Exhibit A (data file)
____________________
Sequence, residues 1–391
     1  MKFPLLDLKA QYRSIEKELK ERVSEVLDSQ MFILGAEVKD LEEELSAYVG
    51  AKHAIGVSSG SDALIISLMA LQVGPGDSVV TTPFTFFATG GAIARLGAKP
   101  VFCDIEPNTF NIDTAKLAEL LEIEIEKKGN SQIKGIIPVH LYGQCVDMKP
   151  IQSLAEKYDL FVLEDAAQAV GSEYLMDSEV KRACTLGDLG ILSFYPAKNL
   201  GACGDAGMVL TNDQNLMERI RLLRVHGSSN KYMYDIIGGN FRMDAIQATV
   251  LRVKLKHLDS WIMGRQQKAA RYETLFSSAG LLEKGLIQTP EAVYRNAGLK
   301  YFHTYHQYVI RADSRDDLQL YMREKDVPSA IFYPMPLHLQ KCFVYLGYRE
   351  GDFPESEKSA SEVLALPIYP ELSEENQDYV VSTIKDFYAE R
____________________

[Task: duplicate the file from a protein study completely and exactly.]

Sequence, residues 1–391
     1  MKFPLLDLKA QYRSIEKELK ERVSEVLDSQ MFILGAEVKD LEEELSAYVG
    51  AKHAIGVSSG SDALIISLMA LQVGPGDSVV TTPFTFFATG GAIARLGAKP
   101  VFCDIEPNTF NIDTAKLAEL LEIEIEKKGN SQIKGIIPVH LYGQCVDMKP
   151  IQSLAEKYDL FVLEDAAQAV GSEYLMDSEV KRACTLGDLG ILSFYPAKNL
   201  GACGDAGMVL TNDQNLMERI RLLRVHGSSN KYMYDIIGGN FRMDAIQATV
   251  LRVKLKHLDS WIMGRQQKAA RYETLFSSAG LLEKGLIQTP EAVYRNAGLK
   301  YFHTYHQYVI RADSRDDLQL YMREKDVPSA IFYPMPLHLQ KCFVYLGYRE
   351  GDFPESEKSA SEVLALPIYP ELSEENQDYV VSTIKDFYAE R